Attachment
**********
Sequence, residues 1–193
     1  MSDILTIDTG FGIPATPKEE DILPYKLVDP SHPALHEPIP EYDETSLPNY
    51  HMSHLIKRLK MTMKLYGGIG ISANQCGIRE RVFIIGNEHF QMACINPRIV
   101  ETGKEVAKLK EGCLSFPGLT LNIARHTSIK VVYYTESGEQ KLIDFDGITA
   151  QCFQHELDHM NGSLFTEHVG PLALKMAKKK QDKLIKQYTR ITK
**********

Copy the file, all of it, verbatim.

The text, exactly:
Sequence, residues 1–193
     1  MSDILTIDTG FGIPATPKEE DILPYKLVDP SHPALHEPIP EYDETSLPNY
    51  HMSHLIKRLK MTMKLYGGIG ISANQCGIRE RVFIIGNEHF QMACINPRIV
   101  ETGKEVAKLK EGCLSFPGLT LNIARHTSIK VVYYTESGEQ KLIDFDGITA
   151  QCFQHELDHM NGSLFTEHVG PLALKMAKKK QDKLIKQYTR ITK